Chelsea Market is an enclosed urban food court and shopping mall in the middle of New York’s Chelsea Neighbourhood. It is home to three dozen vendors carrying everything from gourmet food and wine, to candy shops, bakeries, restaurants and fish mongers. It was always a great place to visit, but now it just got better.
Dizengoff opened winter, 2016. Israeli Chef Michael Solomonov in partnership with Steve Cook has continued to expand his hummus-centric empire. It is one of the most exciting new restaurant openings this year. Chef Solomonov’s first opened a fine dining restaurant in Israel in 2008. In 2014 he opened a hummus location in Philadelphia that took off, and Michael became a James Beard Award winner. He has now expanded to Manhattan’s Chelsea Market. He has modelled these eateries after the hummus stalls in Israel. Chef Michael named the place after one of the most iconic streets in Tel Aviv. People are flocking in droves to this eighteen seat outpost. The stool seating places you right in front of the action, and you can see everything being made on the spot. This location is run by Emily Seaman.
Like Philadelphia, it offers set meals of hummus, with fresh baked pita, where the bread is rolled out and placed in the oven right in front of you. The pita is fabulous, and you get a salad and pickle to go with it. These are priced from $10-13. Then you can get additional toppings for $3, like eggplant, roasted egg, chickpeas etc. There are a lot of seasonal, inventive toppings. There are five varieties of hummus and the turnover is so high that it is never refrigerated. Then you top it with a protein or vegetables. 80% of the menu is vegan or vegetarian. One protein dish that is exclusive to New York is the braised lamb neck with rhubarb and dried lamb. Some other meals are hummus with roasted romanesco broccoli, golden raisins, pine nuts, harissa and preserved lemon. Another has roasted squash, with hazelnut and chili dukka. I tried a few extra toppings that they were kind enough to bring out for me from the back and they were fabulous and added another dimension to the hummus. For instance, I tried the schug which was a chunky jalapeño and cilantro chutney. This location also serves shakshuka for breakfast daily, whereas the Philly location only makes it on a Sunday.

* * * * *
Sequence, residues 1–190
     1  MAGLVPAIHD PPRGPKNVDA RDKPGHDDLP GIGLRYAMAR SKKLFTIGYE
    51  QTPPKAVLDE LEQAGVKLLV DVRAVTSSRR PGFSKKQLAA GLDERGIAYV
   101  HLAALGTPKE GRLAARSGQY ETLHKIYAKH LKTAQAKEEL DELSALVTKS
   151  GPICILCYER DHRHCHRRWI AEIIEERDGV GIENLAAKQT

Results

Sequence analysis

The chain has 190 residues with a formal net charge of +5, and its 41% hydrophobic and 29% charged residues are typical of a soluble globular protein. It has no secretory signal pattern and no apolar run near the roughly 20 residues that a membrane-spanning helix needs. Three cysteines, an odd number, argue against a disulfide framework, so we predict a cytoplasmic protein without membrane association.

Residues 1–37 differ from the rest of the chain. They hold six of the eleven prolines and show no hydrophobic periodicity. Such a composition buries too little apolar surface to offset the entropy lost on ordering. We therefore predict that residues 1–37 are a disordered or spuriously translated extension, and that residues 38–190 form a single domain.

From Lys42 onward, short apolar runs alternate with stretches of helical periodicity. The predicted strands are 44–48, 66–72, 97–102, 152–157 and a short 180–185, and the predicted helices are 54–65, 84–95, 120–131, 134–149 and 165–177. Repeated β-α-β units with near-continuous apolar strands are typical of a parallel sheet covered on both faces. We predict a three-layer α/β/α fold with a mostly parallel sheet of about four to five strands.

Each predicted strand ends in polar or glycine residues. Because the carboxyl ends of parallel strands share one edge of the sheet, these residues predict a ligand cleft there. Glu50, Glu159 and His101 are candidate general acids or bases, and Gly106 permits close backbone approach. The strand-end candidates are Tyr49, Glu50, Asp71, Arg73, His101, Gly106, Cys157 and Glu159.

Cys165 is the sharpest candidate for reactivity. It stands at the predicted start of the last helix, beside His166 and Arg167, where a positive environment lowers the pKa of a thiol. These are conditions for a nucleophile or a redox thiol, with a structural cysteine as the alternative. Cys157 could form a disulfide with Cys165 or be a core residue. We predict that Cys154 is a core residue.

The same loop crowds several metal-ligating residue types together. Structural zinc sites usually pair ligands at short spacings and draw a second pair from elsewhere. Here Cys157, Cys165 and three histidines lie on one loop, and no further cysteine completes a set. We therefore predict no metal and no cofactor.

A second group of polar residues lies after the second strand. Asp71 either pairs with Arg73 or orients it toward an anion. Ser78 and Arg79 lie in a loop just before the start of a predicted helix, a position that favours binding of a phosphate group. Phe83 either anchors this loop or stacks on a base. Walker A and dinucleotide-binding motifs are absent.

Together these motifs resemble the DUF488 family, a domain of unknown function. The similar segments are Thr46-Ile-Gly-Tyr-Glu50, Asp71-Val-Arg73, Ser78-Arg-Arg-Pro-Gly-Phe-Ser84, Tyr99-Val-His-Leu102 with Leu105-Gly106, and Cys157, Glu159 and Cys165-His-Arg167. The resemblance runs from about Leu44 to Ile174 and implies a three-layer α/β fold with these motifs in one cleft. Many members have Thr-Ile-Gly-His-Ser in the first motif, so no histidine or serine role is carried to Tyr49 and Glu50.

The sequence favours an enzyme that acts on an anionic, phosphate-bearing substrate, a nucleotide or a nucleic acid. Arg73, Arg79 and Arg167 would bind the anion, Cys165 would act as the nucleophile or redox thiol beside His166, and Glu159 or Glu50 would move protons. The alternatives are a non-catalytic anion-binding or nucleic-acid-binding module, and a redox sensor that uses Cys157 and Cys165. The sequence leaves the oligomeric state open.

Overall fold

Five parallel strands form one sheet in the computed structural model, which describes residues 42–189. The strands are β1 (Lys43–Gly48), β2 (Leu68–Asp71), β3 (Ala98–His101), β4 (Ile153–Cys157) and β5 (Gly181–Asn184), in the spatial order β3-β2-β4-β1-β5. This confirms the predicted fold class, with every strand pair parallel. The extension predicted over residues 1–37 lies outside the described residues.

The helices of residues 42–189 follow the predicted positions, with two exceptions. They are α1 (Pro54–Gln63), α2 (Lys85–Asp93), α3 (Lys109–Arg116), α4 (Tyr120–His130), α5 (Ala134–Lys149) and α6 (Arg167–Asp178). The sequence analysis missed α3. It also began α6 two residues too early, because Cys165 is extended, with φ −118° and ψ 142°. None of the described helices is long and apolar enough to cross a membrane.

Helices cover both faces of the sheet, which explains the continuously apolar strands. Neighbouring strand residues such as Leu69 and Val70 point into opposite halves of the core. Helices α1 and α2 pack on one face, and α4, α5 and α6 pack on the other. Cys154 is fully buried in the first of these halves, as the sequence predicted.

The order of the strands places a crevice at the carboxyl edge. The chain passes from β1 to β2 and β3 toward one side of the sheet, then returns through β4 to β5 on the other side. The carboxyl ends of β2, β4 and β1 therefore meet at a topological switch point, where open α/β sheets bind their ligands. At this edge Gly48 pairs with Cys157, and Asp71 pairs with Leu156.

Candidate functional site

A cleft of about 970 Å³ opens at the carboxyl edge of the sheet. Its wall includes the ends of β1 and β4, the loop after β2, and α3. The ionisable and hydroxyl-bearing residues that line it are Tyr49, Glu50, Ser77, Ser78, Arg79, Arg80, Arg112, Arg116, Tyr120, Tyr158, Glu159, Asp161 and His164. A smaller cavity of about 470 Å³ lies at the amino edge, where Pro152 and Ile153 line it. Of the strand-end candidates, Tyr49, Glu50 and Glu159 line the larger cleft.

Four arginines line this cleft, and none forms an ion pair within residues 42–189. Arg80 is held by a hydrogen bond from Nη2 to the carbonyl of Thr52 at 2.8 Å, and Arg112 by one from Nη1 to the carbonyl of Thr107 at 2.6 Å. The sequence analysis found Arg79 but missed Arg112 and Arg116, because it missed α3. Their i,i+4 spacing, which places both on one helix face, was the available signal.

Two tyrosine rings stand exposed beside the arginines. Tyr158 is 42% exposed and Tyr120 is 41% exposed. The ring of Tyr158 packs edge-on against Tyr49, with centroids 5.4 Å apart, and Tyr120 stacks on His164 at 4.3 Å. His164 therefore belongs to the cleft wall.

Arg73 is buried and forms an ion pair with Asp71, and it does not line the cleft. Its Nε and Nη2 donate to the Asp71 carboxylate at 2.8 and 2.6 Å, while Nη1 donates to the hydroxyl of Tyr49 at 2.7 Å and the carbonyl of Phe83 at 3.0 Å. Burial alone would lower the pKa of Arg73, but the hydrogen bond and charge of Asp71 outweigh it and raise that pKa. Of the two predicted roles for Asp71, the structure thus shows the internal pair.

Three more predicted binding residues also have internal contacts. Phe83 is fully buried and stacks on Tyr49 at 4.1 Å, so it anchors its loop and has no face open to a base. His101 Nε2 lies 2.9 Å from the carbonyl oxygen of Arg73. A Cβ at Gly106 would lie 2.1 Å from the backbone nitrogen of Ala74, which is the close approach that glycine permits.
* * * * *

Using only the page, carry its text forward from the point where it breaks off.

I enjoyed watching the balls of dough being formed, being rolled before me and placed in the hearth to bake. They came out piping hot, puffed, charred and delicious. The setting is fun, with red communal counters, and food served on plastic cafeteria trays. You can get cutlery if you ask, but it is fun to rip your pita and dip. Dizengoff also serves Israeli wines and a frozen limonana, which is an Israeli mint and lemonade spiked with bourbon.
They are open daily from 10AM to 10PM. Because of all the hype it can be difficult to secure a spot. But note, in good weather you can take-out and eat on the Highline.
Diezengoff opened in the new area of Chelsea Market with some of the best vendors. I suggest you walk around the corner to another favourite of mine, Seed and Mill for some artisanal halava afterwards for dessert.